When it comes to attempting to predict a post-treatment expected sequence of events for vascular abnormalities it will obviously depend on the treatment (if any) involved.
Basically, we describe three main modalities of treatment of vascular abnormalities and so will outline some timelines based on these approaches.
Watch and wait: this is self-explanatory. No active treatment is planned and in the short, medium and long term the condition will either regress, stay the same or get bigger. Generally, haemangioma will be managed this way with the option of a medical intervention with propranolol if they do not improve in the medium term. If medical intervention is used, regression is noticed within 7 to 14 days.
- short term: this can be quite painful and the impact of the sclerosing solution may not be immediately obvious;
- medium term: over a period of 3 to 4 weeks a gradual shrinking and shrivelling of the lesion can be seen. The injection may be repeated;
- long term: while substantial shrinkage of large cystic malformations will usually occur, the epithelial remnants of the original lesion remain and are not usually excised (it being much more difficult to do so after sclerotherapy than before fibrosis is induced).
Laser photocoagulation is a process which demands repeated application and is also very dependent on the type of laser and technique used. We would advise individual advice from your treating clinician is sought.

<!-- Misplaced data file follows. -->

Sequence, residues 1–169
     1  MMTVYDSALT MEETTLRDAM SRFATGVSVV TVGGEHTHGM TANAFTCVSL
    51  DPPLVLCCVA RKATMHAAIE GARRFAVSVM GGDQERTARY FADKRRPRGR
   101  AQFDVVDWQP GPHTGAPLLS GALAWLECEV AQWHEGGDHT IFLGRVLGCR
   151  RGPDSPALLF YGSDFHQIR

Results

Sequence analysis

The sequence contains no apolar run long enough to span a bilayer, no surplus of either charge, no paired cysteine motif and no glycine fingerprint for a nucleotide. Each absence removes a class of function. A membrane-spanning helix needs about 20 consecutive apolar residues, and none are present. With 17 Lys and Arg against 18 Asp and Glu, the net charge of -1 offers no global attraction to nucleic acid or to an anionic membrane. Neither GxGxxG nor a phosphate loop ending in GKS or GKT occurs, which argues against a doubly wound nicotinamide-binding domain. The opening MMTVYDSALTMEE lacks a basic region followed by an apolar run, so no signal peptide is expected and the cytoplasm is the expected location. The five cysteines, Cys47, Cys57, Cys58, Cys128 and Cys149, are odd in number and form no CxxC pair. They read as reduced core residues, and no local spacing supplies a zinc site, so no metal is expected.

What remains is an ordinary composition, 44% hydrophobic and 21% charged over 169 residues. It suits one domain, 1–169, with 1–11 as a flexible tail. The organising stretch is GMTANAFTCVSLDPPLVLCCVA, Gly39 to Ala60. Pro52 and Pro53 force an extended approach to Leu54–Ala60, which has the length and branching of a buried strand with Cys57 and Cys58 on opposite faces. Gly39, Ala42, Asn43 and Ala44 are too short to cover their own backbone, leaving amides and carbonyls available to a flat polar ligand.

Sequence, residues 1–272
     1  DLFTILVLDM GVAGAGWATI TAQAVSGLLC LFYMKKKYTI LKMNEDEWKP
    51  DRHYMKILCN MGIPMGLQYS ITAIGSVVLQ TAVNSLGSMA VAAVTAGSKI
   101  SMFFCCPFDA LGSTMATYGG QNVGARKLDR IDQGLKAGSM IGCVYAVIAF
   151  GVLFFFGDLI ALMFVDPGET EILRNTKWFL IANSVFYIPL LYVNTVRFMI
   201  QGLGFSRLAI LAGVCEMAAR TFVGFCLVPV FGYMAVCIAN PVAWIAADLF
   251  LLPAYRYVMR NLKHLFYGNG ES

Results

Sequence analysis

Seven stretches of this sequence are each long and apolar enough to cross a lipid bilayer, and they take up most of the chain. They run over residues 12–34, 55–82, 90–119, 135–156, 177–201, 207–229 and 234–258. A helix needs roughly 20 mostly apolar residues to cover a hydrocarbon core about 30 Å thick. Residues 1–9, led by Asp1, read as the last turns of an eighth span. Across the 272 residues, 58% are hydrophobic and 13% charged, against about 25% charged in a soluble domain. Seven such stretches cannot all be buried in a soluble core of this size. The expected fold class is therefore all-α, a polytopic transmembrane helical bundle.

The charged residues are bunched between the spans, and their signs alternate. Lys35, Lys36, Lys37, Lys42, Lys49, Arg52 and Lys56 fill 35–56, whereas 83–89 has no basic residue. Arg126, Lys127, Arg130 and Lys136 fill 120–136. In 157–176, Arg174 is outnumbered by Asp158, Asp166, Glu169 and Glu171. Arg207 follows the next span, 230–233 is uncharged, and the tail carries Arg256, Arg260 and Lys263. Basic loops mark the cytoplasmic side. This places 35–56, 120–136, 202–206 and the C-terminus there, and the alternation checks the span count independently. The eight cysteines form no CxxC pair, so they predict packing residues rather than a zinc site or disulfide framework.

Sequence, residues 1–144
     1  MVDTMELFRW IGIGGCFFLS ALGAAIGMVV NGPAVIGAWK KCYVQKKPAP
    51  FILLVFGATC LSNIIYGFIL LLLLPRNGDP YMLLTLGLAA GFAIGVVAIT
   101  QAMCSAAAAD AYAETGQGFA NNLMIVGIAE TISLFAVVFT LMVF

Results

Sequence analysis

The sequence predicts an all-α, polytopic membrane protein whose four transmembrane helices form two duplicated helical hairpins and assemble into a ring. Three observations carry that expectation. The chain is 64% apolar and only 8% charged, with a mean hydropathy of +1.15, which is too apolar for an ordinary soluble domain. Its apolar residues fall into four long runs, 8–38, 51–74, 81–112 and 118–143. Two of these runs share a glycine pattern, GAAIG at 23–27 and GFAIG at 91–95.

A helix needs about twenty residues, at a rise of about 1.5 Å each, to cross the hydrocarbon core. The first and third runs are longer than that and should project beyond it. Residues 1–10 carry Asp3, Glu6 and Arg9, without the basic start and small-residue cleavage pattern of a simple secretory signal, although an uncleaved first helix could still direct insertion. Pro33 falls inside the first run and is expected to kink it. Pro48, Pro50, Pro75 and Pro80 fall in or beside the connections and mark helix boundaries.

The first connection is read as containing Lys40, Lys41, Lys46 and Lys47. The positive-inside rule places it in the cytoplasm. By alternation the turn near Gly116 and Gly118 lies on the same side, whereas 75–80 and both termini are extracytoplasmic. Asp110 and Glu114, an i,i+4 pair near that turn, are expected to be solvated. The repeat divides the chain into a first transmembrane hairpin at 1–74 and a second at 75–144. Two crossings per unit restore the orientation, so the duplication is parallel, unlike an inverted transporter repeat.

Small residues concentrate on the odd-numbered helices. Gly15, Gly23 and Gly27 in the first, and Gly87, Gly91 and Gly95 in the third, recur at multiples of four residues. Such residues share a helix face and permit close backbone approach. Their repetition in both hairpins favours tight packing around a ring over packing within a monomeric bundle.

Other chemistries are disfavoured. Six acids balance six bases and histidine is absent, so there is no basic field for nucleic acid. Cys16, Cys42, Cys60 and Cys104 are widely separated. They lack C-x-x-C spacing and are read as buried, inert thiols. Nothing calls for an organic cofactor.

Surgical excision is the other modality of treatment and is a bit more predictable for the purpose of anticipating post-treatment sequalae.
- short term: several nights in hospital are usual as there is always a risk of postoperative bleeding and these operations can be extremely complex. Drains are used for any excisions, followed by conventional wound closure and are removed before a patient goes home. Open wounds, for example after excision of microcystic lymphangioma of the tongue are often painful and risk post-operative wound infection;
- medium term: a 10 day progressive recovery period is normal with sutures or staples being removed around day 6 or 7 for skin closures. Discomfort usually settles quickly unless secondary infection develops. If this happens (feels to be getting better then suddenly feels worse or more painful) return to your treating clinician as secondary infection is the most likely cause;
- long term: completely excised lesions, for example macrocystic lymphangioma should cause no long-term issues microcystic lesions are far more difficult to completely excise without causing undue and unnecessary damage to vital surrounding tissues and do commonly recur but usually to a lesser extent than the original problem.